Take the 2-minute tour ×
German Language Stack Exchange is a question and answer site for speakers of German wanting to discuss the finer points of the language and translation. It's 100% free, no registration required.

German supposedly has no equivalent of the progressive/continuous tense in English (e.g. "we are going"). However, I sometimes hear sentences such as "wir waren essen" or "er ist telefonieren". Are such sentences grammatically correct, and what is the difference in meaning to the "normal" versions ("wir aßen", "er telefoniert")?

share|improve this question

2 Answers 2

up vote 5 down vote accepted
  • "wir waren essen" or "er ist telefonieren" sind nicht korrekt, aber umgangssprachlich (auch schriftlich) bedingt durch ihre weite Verbreitung zulässig.
  • "wir aßen" und "er telefoniert" sind korrekt.
  • Keine Unterschiede in der Bedeutung.
share|improve this answer
6  
Not sure I agree there: IMO the construction Tim asks about implies that the person denoted by the subject is away doing whatever they're doing. "Wir waren essen" means "we were out eating". "Er ist telefonieren" means "He is out of the room, speaking on the phone". –  elena Nov 1 '11 at 10:17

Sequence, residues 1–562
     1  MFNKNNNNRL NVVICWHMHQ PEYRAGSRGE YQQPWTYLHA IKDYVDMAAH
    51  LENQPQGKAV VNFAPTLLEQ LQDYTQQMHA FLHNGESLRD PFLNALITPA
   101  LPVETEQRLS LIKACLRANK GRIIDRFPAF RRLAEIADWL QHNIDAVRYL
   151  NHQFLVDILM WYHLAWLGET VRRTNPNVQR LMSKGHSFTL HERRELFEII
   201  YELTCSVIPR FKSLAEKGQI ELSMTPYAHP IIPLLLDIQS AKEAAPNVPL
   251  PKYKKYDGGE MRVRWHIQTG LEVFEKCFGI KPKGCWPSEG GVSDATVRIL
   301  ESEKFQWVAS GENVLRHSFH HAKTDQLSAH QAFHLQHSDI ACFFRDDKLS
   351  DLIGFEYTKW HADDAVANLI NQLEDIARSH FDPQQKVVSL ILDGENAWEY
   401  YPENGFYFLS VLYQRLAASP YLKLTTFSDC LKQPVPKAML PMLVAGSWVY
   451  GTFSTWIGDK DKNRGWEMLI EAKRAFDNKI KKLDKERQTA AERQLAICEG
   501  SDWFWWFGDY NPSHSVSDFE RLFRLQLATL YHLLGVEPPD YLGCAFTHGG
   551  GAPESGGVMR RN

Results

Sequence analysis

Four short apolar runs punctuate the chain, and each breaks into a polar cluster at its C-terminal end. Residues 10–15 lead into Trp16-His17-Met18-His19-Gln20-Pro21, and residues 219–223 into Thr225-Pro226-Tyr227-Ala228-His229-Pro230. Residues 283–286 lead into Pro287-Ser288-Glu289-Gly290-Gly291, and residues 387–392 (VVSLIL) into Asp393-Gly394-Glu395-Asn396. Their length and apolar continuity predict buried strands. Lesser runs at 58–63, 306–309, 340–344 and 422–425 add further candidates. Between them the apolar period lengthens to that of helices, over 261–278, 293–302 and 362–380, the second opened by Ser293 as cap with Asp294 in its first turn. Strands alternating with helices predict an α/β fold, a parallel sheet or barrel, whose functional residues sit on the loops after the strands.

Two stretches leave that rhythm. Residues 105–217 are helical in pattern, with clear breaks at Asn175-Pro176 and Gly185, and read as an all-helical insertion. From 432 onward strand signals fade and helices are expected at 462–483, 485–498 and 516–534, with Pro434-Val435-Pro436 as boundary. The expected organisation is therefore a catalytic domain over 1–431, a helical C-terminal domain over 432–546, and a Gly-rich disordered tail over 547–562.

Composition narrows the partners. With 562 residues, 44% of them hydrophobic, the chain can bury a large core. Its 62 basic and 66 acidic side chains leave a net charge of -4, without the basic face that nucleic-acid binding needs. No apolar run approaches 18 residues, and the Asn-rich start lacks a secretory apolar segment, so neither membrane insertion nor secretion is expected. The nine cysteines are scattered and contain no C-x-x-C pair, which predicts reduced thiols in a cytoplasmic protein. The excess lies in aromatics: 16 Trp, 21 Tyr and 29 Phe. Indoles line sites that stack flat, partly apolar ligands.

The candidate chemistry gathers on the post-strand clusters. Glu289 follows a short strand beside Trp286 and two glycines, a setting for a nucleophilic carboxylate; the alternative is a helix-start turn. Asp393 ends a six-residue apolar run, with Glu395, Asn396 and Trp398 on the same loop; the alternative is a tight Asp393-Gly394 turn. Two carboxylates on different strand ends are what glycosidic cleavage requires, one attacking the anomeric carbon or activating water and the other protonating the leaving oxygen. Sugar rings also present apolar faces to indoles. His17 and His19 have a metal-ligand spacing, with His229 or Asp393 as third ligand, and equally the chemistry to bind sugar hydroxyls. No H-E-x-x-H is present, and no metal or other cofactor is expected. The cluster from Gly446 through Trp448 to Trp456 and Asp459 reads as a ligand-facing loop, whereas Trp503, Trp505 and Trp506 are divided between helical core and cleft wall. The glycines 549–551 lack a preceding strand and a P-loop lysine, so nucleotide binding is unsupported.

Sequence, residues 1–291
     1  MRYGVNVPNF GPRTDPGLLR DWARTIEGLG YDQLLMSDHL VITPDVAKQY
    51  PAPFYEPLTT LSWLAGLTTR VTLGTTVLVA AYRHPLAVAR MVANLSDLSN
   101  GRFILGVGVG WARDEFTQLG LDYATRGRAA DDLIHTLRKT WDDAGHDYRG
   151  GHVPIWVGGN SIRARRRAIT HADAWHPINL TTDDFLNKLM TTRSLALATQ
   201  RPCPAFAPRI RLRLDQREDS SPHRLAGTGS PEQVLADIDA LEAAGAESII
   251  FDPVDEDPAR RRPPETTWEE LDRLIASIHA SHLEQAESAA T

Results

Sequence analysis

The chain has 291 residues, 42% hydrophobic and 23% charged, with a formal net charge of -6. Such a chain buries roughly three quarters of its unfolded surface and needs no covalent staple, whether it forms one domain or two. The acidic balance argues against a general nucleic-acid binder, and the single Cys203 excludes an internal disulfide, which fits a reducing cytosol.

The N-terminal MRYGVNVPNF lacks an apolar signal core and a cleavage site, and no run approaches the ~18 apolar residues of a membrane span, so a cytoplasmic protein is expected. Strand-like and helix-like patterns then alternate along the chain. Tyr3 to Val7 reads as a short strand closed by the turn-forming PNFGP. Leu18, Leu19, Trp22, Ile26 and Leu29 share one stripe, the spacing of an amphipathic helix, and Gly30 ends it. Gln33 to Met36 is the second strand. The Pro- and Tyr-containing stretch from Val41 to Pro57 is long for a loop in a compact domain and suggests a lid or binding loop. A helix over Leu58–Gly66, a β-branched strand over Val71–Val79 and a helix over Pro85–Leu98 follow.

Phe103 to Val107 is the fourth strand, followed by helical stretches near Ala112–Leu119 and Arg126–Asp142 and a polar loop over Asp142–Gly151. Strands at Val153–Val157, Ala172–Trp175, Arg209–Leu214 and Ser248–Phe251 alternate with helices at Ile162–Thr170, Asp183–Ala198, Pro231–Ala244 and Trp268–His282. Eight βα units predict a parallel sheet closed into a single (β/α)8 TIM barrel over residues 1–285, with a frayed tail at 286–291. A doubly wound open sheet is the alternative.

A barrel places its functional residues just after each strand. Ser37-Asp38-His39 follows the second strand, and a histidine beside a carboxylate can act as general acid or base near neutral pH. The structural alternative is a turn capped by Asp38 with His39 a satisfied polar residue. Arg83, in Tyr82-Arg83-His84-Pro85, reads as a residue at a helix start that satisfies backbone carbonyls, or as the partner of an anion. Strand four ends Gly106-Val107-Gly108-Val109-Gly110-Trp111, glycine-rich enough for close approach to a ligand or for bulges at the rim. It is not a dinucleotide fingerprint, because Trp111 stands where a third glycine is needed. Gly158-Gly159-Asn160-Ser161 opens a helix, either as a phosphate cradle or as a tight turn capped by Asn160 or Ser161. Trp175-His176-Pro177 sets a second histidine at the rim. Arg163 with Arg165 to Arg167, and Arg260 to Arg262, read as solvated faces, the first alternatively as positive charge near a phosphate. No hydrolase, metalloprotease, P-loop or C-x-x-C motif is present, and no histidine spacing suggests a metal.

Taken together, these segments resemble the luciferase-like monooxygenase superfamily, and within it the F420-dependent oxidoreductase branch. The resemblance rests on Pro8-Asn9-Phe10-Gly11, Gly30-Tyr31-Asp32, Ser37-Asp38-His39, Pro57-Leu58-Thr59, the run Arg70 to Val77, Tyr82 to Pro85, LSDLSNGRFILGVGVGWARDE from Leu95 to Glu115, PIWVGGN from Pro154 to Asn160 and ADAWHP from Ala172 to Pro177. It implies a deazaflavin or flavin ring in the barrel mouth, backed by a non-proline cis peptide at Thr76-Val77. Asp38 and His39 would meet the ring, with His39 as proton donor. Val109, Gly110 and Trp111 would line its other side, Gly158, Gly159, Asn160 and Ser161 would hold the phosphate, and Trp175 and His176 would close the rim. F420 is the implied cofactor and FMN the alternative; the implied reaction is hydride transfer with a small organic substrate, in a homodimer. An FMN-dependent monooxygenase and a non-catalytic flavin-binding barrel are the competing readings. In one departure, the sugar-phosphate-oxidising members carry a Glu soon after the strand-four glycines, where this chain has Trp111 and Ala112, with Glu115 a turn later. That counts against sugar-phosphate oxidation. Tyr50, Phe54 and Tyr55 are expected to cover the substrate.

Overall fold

1  
Should this answer be translated? Usually answers are written in the same language as the question. –  musiKk Nov 3 '11 at 10:51

I have to agree with elena's comment on Barnie's answer. "Wir waren essen" has a different meaning than you are asking for.

If you want to use a progressive/continuous tense, then you can use (colloquially) the combination with "am":

Wir sind am Essen. Er ist am Telefonieren.

See also: http://www.duden.de/rechtschreibung/am#Bedeutung3

share|improve this answer

Your Answer

 
discard

By posting your answer, you agree to the privacy policy and terms of service.

Not the answer you're looking for? Browse other questions tagged or ask your own question.